On September 5 I spoke to my submission to the Zero Carbon Bill in Palmerston North. I wanted to express how urgent it was to act to reduce our emissions and how the climate was
regularly reminding us (the Bahamas hurricane had just occurred) and it was time for procrastination to end and every effort made to stop and reverse CO2 increases.
There were four MPs listening to the submissions: Adrian Rurawhe, Kiritapu Allan, Harete Hipango and Ian McKelvie.
On September 6 the Chronicle had Ian McKelvie's parliamentary comment, which was about the Zero Carbon Bill. Even though it would have been written before he had heard some of the submissions, he seems woefully unaware of the urgency the bill is trying to address.
In his column he rues the fact that submitters are being rushed through the hearings because the current Government is rushing to catch up for " ... time lost in the first 18 months of their term when they had little ready to go". Not the slightest regret that his National Government effectively did nothing in their nine years, except talk of growth and the economy, both carbon positive.
He is right when he says that changes proposed will affect rural communities, as it will everybody else in Aotearoa/New Zealand.
But nowhere near as much as doing nothing.
McKelvie appears totally ignorant of the connections between our actions (or inactions) and climate change. His latest column (Friday, September 20) is about the "significant" Otaki-to-Levin expressway that is on hold. It is time we realised that anything that makes it easier to drive on a given route increases our carbon emissions. While recognising the frustrations of slow traffic, the solution is to use less carbon-wasting alternatives like getting freight and people on to rail.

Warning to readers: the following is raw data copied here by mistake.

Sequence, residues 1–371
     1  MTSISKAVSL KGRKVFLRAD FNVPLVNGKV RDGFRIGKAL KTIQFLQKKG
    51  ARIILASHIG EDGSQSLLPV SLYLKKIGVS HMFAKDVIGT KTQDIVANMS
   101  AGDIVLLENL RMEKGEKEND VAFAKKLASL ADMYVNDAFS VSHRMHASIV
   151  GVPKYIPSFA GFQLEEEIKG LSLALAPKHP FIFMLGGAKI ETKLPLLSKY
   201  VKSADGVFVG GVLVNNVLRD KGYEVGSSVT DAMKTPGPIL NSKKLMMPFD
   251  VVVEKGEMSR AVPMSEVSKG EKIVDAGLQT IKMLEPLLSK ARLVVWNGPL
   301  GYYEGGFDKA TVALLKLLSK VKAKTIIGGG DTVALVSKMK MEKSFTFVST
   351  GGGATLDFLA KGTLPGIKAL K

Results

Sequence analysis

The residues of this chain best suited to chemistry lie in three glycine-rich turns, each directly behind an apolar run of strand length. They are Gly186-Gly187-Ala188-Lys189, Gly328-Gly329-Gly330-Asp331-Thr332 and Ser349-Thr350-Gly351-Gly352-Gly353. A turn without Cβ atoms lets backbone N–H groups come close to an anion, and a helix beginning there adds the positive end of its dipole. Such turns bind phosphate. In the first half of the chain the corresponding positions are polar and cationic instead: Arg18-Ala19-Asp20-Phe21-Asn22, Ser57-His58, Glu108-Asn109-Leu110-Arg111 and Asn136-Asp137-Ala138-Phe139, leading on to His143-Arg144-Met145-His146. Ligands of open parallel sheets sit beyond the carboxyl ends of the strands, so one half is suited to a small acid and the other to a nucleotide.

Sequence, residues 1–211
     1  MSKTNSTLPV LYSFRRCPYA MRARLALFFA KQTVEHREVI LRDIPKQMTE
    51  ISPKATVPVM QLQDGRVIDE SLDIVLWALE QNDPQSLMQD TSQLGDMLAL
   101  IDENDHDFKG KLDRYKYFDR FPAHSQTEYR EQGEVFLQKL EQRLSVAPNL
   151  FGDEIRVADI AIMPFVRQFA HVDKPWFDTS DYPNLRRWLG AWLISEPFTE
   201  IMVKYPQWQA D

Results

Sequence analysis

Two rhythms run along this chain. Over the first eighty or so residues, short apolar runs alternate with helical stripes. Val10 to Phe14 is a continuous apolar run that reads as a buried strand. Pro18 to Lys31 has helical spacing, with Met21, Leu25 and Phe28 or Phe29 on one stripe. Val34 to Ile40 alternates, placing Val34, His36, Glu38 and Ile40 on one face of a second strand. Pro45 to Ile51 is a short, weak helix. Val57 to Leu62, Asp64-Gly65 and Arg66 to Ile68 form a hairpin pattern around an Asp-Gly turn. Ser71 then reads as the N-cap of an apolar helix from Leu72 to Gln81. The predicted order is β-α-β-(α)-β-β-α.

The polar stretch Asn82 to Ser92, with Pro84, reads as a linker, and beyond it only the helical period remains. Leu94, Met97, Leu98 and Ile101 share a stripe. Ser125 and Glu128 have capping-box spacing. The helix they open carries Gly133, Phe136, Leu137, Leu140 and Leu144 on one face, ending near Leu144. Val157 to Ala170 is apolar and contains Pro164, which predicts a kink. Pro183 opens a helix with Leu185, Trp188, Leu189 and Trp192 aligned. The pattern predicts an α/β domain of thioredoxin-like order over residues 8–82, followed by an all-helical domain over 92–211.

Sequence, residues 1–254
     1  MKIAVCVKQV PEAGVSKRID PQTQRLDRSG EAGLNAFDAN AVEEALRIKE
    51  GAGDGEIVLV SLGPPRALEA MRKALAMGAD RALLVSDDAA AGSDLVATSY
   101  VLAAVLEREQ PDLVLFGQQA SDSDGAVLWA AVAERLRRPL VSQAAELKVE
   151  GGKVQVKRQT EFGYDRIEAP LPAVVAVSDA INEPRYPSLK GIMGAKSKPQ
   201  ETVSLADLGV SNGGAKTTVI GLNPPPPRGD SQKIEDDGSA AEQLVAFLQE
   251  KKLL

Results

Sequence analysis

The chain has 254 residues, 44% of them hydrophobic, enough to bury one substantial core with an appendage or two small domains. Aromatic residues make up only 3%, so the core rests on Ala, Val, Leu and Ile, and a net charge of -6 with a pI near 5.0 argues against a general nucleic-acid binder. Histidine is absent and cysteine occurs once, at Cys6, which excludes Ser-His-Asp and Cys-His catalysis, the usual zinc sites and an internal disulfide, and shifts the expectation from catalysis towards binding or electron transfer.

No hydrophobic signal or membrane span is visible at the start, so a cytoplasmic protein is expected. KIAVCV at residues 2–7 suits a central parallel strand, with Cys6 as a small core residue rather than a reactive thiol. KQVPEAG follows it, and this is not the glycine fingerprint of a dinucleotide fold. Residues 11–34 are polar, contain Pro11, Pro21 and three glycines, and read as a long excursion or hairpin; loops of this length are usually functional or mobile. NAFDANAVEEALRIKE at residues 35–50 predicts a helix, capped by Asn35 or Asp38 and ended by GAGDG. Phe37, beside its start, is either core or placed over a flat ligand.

We must all think of everything we can do to reduce our carbon footprint, as the time remaining to safely reach carbon zero is reducing.
Or does Ian McKelvie not care about the unborn generations?
Murray Shaw's "vision" for the future of our port is to divert the Whanganui River through the South Spit.
Years ago, Wanganui City Council commissioned comprehensive, and expensive, reports on the technical and economic potential for a deep-water Whanganui port.
The international port consultant ruled out diverting the river through the South Spit because it does not address the main problem - sand drift southward along the coast. In the past this was dealt with by extending moles, but the old adage applies: If you keep doing the same thing, you will keep getting the same result. The sand keeps coming and the bar keeps building.
The river flow scours the bar and deposits silt into the turning basin. The old harbour board clamshell dredge was effective but needed calm weather to dredge the bar.
When a channel is cut through the bar, the scour will maintain it until a south-westerly storm fills it in.
The consultant suggested several ways to address the problem, but the economic study suggested the capital and operating costs of a deep-water port would probably not be covered by potential revenue.
The suggestion that I liked most was to excavate a big hole upstream from the North Mole to trap the drifting sand. It would have to be reinstated regularly, but that work could be done from the shore and would not be weather-dependent. It seems like a relatively simple - and probably the most economical - long-term way to keep the bar open.
But, let's face it, our port is never going to be deep enough or wide enough for big ships, and we should concentrate on making it a practical destination for coastal shipping. That appears to be pretty much current policy.
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